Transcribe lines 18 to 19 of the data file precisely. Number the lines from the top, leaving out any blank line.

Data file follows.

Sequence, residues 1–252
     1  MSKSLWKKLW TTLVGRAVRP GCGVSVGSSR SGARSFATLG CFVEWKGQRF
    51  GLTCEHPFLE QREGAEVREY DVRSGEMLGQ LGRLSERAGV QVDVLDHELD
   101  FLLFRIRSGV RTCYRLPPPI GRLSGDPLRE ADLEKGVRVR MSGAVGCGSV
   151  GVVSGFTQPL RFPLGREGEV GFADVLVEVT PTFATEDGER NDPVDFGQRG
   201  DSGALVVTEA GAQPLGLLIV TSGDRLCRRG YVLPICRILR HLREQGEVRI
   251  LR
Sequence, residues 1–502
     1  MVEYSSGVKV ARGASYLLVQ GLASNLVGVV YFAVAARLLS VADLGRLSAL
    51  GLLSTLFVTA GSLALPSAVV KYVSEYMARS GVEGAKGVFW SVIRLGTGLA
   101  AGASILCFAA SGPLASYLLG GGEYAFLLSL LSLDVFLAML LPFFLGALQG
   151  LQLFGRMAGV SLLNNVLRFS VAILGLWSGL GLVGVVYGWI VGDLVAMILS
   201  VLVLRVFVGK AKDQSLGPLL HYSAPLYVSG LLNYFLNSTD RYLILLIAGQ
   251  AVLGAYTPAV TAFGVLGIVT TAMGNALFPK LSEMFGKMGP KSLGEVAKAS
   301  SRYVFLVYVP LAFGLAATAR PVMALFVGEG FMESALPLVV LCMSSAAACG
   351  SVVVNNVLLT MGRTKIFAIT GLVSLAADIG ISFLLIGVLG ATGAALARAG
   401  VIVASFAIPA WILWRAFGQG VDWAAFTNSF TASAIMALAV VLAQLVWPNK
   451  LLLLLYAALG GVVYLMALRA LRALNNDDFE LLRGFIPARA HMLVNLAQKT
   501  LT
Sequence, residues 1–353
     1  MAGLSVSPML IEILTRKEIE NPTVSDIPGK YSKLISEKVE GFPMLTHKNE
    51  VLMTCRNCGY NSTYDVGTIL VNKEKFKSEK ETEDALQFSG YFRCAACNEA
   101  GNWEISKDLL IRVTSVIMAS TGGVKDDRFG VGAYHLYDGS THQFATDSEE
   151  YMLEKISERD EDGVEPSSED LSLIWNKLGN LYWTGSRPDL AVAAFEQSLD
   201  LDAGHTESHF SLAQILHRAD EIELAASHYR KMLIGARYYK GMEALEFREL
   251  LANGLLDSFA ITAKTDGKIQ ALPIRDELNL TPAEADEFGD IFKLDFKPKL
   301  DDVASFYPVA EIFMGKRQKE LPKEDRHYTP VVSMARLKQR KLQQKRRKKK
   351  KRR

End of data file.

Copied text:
   451  LLLLLYAALG GVVYLMALRA LRALNNDDFE LLRGFIPARA HMLVNLAQKT
   501  LT